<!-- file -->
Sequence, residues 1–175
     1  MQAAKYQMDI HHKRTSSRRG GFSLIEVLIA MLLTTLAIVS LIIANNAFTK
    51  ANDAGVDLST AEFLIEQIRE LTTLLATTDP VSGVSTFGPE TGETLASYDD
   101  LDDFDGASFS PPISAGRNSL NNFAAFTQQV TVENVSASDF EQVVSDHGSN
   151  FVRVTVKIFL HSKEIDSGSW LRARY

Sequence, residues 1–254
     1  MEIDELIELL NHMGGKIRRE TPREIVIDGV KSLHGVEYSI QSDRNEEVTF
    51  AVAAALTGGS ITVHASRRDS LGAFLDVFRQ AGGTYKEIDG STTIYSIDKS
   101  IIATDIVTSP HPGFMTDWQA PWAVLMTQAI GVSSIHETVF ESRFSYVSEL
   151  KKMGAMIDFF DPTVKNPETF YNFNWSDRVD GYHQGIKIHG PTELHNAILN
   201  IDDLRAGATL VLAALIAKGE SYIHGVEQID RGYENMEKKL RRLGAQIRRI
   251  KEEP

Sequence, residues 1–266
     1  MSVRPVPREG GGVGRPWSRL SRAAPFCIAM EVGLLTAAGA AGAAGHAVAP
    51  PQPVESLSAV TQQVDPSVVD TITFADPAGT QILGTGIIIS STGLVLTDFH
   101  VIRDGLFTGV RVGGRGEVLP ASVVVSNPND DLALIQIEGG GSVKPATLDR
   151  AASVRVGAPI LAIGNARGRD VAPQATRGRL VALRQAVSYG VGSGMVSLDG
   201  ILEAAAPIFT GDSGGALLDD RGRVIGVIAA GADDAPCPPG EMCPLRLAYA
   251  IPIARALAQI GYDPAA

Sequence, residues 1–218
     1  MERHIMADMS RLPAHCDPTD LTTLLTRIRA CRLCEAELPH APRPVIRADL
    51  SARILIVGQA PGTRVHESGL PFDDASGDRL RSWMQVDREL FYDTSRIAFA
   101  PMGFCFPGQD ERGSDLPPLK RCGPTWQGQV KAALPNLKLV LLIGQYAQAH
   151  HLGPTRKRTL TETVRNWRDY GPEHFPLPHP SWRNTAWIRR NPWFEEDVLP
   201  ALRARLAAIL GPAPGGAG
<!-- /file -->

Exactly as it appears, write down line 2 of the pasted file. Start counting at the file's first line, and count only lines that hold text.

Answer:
     1  MQAAKYQMDI HHKRTSSRRG GFSLIEVLIA MLLTTLAIVS LIIANNAFTK